The DNS to IP to Site Ratio is typically many to 1 to many
- DNS = WebsiteA IP = 10.0.0.10 URL = http://websiteA.mydomain.com
- DNS = WebsiteB IP = 10.0.0.10 URL = http://websiteB.mydomain.com
The way the bindings are implemented on the server affects the way these sites are published to the Internet through Forefront TMG.
As public IPs are limited you would want to use a single IP for as many sites as possible. And since arbitrary port numbers are typically blocked by corporate firewalls, you would want to use port 80 and 443.
This really only leaves host headers as the viable method to publish multiple sites.
The way this is accommodated in Forefront TMG is by creating a single web listener tied to a single public IP address but with multiple DNS names. This common listener can now be used by multiple web publishing rules to publish the various sites.
The Public Names tab in the web publishing rule allows you to specify which external public domain names correlate to the respective internal site.
Forefront TMG allows you to bridge different port numbers. This effectively converts traffic running on one port to another. This allows you to serve a site to the public Internet on port 80 while it might be running internally on port 8888.
When using port number binding you will also need to have a separate rule per site. This is because even though you can have a common listener the destinations ports have to be explicitly defined.
Forefront TMG allows traffic to be forwarded to a name but it also allows you to manually specify an override IP address. In this case, since traffic will always be directed to a unique IP address, you will also need a separate rule per site.
Forefront TMG allows you to forward the original host header information. This allows you to use a single rule to publish multiple sites. By enabling the Forward the original host header... option, Forefront TMG will pass on the host header it received from the client to your internal web server. The Microsoft IIS site will need to have host header binding to match this.
Things gets a bit more involved when it comes to using HTTPS. This is because one of the features of HTTPS is certificate-based host validation. In other words, the host header needs to match the certificate. The main limitation here is that only one certificate can be used per IP address on a Forefront TMG web listener.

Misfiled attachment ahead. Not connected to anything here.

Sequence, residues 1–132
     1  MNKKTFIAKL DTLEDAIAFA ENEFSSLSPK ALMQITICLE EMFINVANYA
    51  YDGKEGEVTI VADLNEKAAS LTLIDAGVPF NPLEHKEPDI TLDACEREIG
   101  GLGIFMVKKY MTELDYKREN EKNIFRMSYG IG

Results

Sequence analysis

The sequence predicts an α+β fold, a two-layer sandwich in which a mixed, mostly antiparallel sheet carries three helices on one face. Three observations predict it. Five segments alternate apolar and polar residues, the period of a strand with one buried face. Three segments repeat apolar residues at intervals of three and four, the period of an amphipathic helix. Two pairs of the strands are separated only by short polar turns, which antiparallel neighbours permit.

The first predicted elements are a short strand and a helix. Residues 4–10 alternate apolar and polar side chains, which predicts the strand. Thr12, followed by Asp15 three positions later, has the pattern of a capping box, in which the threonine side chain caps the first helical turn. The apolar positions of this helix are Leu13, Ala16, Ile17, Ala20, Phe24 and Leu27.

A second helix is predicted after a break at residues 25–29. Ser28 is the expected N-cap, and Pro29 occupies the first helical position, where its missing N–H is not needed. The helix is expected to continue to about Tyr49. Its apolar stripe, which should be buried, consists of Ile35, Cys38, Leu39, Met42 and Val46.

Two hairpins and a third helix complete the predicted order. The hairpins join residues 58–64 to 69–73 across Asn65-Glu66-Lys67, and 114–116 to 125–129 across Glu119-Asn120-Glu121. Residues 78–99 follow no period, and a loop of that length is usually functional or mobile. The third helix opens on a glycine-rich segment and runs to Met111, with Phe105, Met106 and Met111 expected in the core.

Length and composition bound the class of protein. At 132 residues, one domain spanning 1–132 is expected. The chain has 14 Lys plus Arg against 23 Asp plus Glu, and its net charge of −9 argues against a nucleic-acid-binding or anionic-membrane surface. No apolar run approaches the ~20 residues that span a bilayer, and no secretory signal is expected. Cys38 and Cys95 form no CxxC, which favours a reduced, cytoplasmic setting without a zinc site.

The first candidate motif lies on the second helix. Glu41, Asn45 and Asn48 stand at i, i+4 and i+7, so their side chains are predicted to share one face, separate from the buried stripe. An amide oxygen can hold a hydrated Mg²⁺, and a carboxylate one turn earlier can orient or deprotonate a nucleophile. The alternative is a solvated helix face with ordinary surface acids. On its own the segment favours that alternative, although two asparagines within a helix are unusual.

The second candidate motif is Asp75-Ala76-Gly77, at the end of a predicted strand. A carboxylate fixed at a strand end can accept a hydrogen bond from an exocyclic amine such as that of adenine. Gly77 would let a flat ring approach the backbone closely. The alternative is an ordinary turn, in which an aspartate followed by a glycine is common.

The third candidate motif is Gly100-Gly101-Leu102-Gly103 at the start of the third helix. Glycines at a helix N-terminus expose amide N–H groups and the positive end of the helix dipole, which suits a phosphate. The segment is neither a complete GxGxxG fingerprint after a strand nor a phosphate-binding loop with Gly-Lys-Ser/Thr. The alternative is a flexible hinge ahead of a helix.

To securely publish multiple sites on a single external IP, you need to use a multi-domain or SAN certificate that is valid for all hostnames.
The same complication also exists on the web server side. When using multiple SSL sites, unique bindings can only be made per IP address. It is best to use multiple single domain certificates, one per IP. Since internal IPs are not normally limited, this is not an issue.
Depending on your deployment requirements, there are several ways to publish sites using Microsoft IIS and Forefront TMG. Understanding these options along with their limitations and consequences helps you to choose the best method.
When possible I prefer to host every web site on a unique internal IP. In the bindings, I also bind the hostname to that IP address for HTTP. This makes the HTTPS binding straight forward as well. It also adds to security as it limits the allowed hostnames served by IIS.
When publishing the internal site to the Internet I also prefer to keep a unique internal IP and unique web publishing rule.
So the golden ratio is 1 Public DNS Name to 1 Public IP to 1 Internal DNS name to 1 Internal IP to 1 internal site.
This provides maximum flexibility but also requires the most IPs. If you have IPs to spare then this tends to be the best approach.
Download our FREE 30-day trial, or schedule a demo and we'll show you how it works.
Make The World A Better Place with Fastvue and Microsoft Reputation Services (MRS)
How to Report on YouTube Activity with Fastvue TMG Reporter